Google, Justice Department Clash On Data Protection Order

law, justice, court, doj, trial, gavel, law

Google and US Justice Department disagree on access to confidential data supplied by Microsoft and others, as landmark antitrust case gears up

Google and the US Justice Department have failed to reach common ground over the protection of confidential data supplied to the government by third parties such as Microsoft, Google said in a court filing.

The negotiations follow a landmark competition lawsuit by the US Justice Department in October, which accuses Google of abusing its market dominance to illegally hobble rivals in areas such as search and advertising.

In the Friday filing in the US District Court for the District of Columbia, Google said it wants two of its attorneys to have access to the confidential data, while the Justice Department has not agreed.

Google argued it needs access to the data to prepare its defence, and said the use of the data would be strictly limited.

GoogleConfidential data

It proposed that two in-house attorneys at the offices of its outside counsel could have access to the data, or that the information could be accessed in another secure way.

Google added that it would immediately report any disclosure of the information.

Microsoft, Oracle, AT&T, Amazon, Comcast and other companies have supplied confidential information to the Justice Department as part of the case.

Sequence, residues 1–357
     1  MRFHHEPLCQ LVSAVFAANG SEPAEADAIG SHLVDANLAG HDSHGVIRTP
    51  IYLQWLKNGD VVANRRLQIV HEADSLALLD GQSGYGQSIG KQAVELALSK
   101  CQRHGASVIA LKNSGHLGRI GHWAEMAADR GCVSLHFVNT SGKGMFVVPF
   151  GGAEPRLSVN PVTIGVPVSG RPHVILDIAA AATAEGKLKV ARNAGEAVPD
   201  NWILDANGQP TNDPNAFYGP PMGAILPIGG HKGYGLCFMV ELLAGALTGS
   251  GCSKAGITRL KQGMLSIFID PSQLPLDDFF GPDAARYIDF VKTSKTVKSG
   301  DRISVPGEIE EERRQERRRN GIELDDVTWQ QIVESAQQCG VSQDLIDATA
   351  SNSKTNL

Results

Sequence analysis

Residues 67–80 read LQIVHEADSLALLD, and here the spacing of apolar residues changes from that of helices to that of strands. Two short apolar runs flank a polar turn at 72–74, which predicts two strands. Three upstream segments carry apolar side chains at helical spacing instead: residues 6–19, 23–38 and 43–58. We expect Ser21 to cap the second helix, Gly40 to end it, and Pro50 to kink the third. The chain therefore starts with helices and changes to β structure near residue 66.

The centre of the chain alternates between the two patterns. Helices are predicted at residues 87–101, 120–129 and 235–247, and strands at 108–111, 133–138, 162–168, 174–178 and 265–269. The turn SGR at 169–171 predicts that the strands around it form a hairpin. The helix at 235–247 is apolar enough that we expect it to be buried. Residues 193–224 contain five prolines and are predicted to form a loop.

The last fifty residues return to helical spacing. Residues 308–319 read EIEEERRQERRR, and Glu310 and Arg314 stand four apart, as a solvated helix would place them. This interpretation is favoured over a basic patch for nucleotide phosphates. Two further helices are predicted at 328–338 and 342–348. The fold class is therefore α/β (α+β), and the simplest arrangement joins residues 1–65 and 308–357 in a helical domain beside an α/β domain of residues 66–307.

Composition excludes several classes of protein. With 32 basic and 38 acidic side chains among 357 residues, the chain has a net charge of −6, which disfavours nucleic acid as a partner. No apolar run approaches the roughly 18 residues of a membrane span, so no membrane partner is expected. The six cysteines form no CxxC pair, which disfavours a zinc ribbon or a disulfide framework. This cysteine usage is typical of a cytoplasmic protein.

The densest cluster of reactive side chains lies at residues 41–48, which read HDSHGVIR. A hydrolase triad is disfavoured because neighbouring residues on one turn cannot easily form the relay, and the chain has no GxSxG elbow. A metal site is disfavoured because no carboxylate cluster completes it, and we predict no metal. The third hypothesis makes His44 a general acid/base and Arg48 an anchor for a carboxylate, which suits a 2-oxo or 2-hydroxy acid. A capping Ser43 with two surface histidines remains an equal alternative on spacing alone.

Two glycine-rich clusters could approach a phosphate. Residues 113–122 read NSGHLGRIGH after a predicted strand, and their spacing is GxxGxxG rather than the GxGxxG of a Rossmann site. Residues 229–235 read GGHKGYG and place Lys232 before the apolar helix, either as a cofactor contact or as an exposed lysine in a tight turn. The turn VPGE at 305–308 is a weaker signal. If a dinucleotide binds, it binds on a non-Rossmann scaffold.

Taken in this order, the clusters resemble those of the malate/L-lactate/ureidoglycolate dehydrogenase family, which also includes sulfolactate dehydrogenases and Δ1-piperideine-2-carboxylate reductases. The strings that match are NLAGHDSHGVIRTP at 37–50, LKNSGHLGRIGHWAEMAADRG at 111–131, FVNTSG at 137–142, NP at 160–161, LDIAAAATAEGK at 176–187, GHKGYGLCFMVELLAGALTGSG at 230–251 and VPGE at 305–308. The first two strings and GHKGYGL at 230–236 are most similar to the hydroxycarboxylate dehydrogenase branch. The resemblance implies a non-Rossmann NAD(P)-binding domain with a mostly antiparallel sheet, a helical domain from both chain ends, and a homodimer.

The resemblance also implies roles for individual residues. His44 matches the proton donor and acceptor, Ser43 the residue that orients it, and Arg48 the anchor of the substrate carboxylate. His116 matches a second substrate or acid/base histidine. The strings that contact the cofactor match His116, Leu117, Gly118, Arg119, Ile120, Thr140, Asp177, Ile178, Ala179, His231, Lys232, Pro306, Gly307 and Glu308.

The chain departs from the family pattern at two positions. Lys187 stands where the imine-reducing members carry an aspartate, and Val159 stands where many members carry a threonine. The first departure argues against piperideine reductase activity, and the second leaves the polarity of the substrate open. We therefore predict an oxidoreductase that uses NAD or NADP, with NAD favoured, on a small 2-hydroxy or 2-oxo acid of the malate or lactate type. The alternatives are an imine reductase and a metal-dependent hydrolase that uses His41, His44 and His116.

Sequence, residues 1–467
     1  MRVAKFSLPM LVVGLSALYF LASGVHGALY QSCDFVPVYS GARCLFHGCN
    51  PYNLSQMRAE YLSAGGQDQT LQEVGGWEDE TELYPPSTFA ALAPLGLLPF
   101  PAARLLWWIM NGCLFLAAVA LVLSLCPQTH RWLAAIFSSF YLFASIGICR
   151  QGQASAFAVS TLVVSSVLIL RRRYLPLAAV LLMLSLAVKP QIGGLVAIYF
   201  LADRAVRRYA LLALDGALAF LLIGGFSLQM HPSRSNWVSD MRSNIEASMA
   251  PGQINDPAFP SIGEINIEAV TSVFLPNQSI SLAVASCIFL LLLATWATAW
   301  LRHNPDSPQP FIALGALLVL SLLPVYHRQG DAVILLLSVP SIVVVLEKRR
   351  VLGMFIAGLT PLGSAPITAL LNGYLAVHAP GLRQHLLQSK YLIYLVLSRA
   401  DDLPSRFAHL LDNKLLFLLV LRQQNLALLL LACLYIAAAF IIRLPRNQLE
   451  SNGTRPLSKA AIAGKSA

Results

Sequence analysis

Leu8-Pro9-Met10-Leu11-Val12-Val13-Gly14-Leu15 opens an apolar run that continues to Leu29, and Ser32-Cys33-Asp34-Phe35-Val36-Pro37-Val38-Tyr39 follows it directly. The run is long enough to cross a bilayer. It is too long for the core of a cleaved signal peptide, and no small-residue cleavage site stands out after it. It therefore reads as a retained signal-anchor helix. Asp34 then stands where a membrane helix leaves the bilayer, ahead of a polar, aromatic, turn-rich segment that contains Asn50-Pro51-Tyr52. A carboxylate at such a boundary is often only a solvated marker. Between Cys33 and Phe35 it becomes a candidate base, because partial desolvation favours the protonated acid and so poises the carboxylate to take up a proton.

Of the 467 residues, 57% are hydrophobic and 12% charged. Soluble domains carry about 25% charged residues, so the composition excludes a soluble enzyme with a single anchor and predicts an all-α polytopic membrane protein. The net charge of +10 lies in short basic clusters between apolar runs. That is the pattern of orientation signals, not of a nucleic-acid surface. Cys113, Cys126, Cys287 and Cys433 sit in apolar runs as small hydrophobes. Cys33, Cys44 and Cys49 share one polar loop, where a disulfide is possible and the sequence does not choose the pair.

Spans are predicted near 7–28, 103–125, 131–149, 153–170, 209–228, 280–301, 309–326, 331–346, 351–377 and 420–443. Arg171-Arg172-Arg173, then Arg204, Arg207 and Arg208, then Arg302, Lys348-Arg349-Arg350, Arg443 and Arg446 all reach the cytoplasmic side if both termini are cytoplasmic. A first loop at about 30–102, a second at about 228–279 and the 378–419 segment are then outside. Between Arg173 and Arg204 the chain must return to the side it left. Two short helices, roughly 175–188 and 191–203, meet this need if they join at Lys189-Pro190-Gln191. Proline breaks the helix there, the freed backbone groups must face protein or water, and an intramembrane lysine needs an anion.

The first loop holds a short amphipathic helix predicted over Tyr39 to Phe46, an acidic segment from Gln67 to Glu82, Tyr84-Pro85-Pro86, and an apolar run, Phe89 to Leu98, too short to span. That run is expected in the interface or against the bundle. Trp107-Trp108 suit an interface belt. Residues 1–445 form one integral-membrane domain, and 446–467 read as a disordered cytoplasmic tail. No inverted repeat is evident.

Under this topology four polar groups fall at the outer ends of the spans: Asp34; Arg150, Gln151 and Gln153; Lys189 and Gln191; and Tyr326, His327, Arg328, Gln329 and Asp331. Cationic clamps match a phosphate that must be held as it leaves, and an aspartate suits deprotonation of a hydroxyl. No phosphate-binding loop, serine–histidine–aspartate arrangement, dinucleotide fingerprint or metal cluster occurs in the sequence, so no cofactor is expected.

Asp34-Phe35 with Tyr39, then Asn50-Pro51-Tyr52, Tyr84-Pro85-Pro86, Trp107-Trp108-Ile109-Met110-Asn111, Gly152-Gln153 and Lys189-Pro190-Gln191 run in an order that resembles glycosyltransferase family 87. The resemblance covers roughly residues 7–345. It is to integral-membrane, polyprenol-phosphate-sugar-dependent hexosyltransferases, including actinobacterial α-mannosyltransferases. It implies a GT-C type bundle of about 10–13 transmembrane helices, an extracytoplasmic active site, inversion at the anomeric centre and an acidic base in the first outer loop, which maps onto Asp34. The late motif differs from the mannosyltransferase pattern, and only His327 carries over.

These third-party companies have until this Friday to propose other terms for the protective order, which the Justice Department wants put into place before the trial can begin.

Judge Amit Mehta is hearing the case, which is part of broader pressure currently being applied by US regulators on dominant tech companies such as Amazon, Apple, Facebook and Google.

Antitrust pressure

The chief executives of Twitter, Google and Facebook appeared before a Senate panel in October for hearings over changes to Section 230, a legal mechanism that exempts them from legal responsibility for content they make available online.

Earlier in October, a US House of Representatives report included language described as a thinly veiled call to break up big tech companies.

“Our investigation leaves no doubt that there is a clear and compelling need for Congress and the antitrust enforcement agencies to take action that restores competition, improves innovation, and safeguards our democracy,” the antitrust subcommittee of the US Judiciary Committee said in the study.

The EU is also continuing to tighten regulatory controls on dominant tech players with proposed legislation set to be formally presented early next month.